Every week, someone complains to me that marketers are full of bullshit. The charges read as follows: they talk in jargon; they are always spinning everything to be positive; and they never tell the truth.
So when a marketing director has the gumption to outline some potential flaws for his brand and detail how he will tackle these, it appears everyone is shocked. When Marketing Week published a news story last week where John Lewis’ marketing director Craig Inglis spoke frankly about how important it is for brands to move with the times, you would think he had announced the end of time judging by the national press coverage that has followed.
In our interview, Inglis warned that as a historic high-street brand, John Lewis needed to avoid being “fuddy duddy”. Am I crazy, or is this just common sense? If you are a long-established brand appealing mainly to a middle-class mass market, you are always going to have to work hard to keep your edge. I’m just glad the brand’s marketing director is aware and tackling this issue.
Inglis also told us that the brand could be “accused of being beige”. Some newspapers, such as the Daily Mail, have reported that he himself thought this of his brand.
Not at all. Inglis is simply smart enough to know what critics could use against his business. And by highlighting that he knows it, he won’t allow that perception to become reality.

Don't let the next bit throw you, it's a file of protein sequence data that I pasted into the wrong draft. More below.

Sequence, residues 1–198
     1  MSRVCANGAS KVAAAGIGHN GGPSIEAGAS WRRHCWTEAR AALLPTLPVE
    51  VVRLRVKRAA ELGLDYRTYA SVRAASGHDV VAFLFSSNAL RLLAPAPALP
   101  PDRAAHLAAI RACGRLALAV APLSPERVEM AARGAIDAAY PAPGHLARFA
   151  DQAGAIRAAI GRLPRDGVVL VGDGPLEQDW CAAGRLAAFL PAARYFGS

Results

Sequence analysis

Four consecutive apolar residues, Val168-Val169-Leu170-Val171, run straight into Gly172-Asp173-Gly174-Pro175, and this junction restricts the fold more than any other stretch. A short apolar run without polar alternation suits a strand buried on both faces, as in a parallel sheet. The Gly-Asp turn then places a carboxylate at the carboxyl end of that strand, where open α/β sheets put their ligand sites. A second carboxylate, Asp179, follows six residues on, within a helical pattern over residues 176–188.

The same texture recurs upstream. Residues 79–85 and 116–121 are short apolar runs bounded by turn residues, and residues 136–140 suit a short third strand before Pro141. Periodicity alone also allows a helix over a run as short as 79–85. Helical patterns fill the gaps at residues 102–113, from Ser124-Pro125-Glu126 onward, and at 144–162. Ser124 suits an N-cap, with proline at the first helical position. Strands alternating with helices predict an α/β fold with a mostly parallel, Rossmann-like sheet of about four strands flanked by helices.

It also seems to have thrilled many newspapers to hear Inglis say that John Lewis is 15 years behind Tesco in its customer relationship management. Well, frankly, who isn’t? That’s like saying that most women aren’t as gorgeous as Angelina Jolie. It is well known that Tesco has a powerhouse of a CRM programme that is the envy of pretty much everyone else.
So, let me recap. Craig Inglis is a marketer who:
a) is ready to address any potential flaws in his own brand;
b) is actually honest about what criticisms could be levelled at it;
c)can identify good competitor marketing practice.
Now, when you understand that, doesn’t it make a nice change from all the bland, media-trained platitudes you normally see trotted out? I, for one, think Craig Inglis is a smart man with clever ideas. The Daily Mail claim this could be his ’Ratner’ moment, referring to the time jeweller Gerald Ratner jokingly called his own products ’crap’ and the chain lost its shine for customers. What a load of tosh.
Inglis never said that John Lewis was anything other than a great brand needing careful guidance to avoid losing its touch with customers. That is simply common sense. And thank god he has the balls to say it rather than hiding behind fluffy rubbish. He has gone up in my estimation enormously.